YouNote and Evernote have won me over by making the iPhone and iPod Touch a powerful note-taking tool for anyone who frequently jots down thoughts and returns to them later. There's no absolute winner in this match, since each application takes a different note-taking approach, but by the review's end, we're guessing you'll have crowned one over the other.
Evernote for iPhone
Evernote has been a real hit with CNET editors since its March beta, and with good reason. The service lets you add, access, and synchronize notes from just about everywhere--your Windows or Mac desktop, Web browser, Outlook calendar, Windows Mobile phone, and now your iPhone or iPod Touch.
Evernote ushers your text, doodles, voice notes, and photos into your account, which is stored on Evernote's servers. In addition to accessing all your synchronized notes from the iPhone, you'll be able to write new notes. You won't be able to doodle from the attractive iPhone application, but you can compose text, audio, and photo notes from scratch, and can also annotate the pictures in your Camera Roll.
In addition to storing photos, Evernote's service includes optical character recognition to extract words from images. Evernote's OCR is fairly accurate, but we've heard that premium account holders get their text translated faster than those with free accounts.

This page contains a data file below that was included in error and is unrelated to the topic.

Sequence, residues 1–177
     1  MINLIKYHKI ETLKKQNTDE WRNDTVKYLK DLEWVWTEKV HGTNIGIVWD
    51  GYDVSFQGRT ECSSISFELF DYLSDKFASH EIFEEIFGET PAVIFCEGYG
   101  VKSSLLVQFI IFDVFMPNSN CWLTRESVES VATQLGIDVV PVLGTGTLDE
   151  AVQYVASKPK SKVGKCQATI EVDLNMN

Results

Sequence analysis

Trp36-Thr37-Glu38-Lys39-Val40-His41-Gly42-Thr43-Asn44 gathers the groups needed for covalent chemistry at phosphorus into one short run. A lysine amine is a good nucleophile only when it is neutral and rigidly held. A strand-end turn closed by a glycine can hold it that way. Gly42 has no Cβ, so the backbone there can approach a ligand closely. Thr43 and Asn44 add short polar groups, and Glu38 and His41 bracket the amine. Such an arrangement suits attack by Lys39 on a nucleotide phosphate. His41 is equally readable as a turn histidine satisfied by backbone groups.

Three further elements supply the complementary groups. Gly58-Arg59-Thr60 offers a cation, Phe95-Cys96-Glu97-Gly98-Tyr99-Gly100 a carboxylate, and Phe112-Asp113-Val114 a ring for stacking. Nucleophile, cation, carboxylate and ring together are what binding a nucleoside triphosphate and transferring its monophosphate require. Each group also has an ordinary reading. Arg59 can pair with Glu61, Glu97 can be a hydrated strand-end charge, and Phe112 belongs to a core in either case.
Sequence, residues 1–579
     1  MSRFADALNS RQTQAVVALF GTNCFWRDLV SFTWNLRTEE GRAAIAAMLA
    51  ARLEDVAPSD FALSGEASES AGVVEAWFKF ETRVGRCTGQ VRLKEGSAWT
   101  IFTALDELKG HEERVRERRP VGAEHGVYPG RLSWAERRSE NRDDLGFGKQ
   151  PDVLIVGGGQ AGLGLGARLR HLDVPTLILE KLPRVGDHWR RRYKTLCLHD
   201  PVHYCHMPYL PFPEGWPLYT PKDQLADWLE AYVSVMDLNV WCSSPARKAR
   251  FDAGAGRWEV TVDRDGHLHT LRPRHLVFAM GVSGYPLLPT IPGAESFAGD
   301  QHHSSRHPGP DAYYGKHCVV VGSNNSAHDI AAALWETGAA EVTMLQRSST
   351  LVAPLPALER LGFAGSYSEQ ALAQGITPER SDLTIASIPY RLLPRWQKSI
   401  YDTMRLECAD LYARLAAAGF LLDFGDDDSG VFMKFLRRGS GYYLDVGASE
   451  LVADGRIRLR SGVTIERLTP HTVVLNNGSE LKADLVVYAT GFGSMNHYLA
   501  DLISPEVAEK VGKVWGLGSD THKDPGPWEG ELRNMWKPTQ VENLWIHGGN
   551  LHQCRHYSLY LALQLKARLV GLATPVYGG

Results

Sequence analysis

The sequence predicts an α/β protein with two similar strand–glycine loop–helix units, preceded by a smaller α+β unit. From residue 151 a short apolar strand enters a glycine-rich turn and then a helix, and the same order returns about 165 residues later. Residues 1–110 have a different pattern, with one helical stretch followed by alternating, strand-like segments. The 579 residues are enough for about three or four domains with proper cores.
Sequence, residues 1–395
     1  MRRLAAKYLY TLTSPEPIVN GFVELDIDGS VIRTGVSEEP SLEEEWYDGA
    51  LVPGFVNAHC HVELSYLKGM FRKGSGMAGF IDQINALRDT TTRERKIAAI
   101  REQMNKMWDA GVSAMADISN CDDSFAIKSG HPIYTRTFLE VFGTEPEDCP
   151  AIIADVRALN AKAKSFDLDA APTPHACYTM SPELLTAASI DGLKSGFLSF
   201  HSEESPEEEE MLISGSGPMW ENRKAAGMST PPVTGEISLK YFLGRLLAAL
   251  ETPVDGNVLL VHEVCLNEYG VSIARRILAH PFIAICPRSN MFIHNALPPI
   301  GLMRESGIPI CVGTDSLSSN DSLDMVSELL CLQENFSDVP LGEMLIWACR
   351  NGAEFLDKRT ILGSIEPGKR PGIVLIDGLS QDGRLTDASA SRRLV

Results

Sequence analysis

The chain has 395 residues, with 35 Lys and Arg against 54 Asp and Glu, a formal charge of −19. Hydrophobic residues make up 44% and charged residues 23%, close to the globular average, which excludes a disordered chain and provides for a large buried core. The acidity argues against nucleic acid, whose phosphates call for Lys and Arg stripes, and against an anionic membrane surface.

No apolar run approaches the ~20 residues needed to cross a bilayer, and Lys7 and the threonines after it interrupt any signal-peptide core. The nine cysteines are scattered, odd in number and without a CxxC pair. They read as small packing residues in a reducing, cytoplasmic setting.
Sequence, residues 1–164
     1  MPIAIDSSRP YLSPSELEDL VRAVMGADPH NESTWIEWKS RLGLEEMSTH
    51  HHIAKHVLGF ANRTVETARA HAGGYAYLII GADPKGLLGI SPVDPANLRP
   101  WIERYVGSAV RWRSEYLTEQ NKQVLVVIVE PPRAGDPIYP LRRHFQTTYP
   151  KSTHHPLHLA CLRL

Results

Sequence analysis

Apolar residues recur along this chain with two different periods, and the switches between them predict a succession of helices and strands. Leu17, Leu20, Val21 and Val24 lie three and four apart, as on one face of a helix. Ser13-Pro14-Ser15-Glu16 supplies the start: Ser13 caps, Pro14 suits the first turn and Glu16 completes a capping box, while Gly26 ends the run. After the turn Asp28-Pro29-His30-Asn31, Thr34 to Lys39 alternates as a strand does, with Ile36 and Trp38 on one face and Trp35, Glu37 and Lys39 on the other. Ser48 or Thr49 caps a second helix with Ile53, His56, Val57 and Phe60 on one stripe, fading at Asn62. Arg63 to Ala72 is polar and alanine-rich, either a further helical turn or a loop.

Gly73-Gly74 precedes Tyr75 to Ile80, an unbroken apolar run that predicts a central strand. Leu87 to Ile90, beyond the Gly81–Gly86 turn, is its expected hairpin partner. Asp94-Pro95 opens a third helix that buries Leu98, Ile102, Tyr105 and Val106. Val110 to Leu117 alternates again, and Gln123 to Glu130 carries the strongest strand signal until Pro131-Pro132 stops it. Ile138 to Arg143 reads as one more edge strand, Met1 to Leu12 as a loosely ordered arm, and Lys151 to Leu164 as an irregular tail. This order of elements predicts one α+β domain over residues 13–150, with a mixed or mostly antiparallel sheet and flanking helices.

Evernote's major selling point is its presence on all your devices, but it holds its own as a standalone iPhone application. Tags are the only way to search for notes, which is bum luck for those lukewarm taggers. Filters that sort notes by day or type would be a welcome addition.
A free Evernote account grants 40MB of storage per month for all devices, including the iPhone. The premium package--$45 a year--raises the cap to 500MB per month and makes your character-recognition a priority. For a flexible note-taking service you can access from one or more places, Evernote excels.
YouNote for iPhone
Although Evernote is a decent stand-alone note-keeper, YouNote surpasses it by integrating more device features. Like Evernote, YouNote welcomes text, photo, and audio notes, plus doodles and captured Web pages. Unlike Evernote, YouNote won't annotate pictures from your Camera Roll; however, it does harness the iPhone's GPS to geotag notes in a Google map.
In addition to tagging notes, you'll be able to associate them with a phone contact and assign a color scheme for organizational purposes. What's more, you can actually bundle multiple notes and media types into a single metanote. For instance, you could couple a photo note with an audio note for a later reminder about a complicated parking job.
Like Evernote, YouNote's search bar can quickly identify notes by tags, but the application also organizes notes alphabetically, by date, and by color. While most of the application is intuitive, the note-bundling feature isn't explicit, and you'll have to keep scrolling down on the notation screen to find the fields for assigning tags and color. It would be neat if the Google maps showed your precise location instead of the general neighborhood, and if you didn't have to leave YouNote to view the map.
Though Evernote and YouNote share a theme, their differing approaches make Evernote the logical pick for those who bounce between computers and devices, and YouNote the clear choice for those whose iPhone or iPod Touch will be their only digital notepad.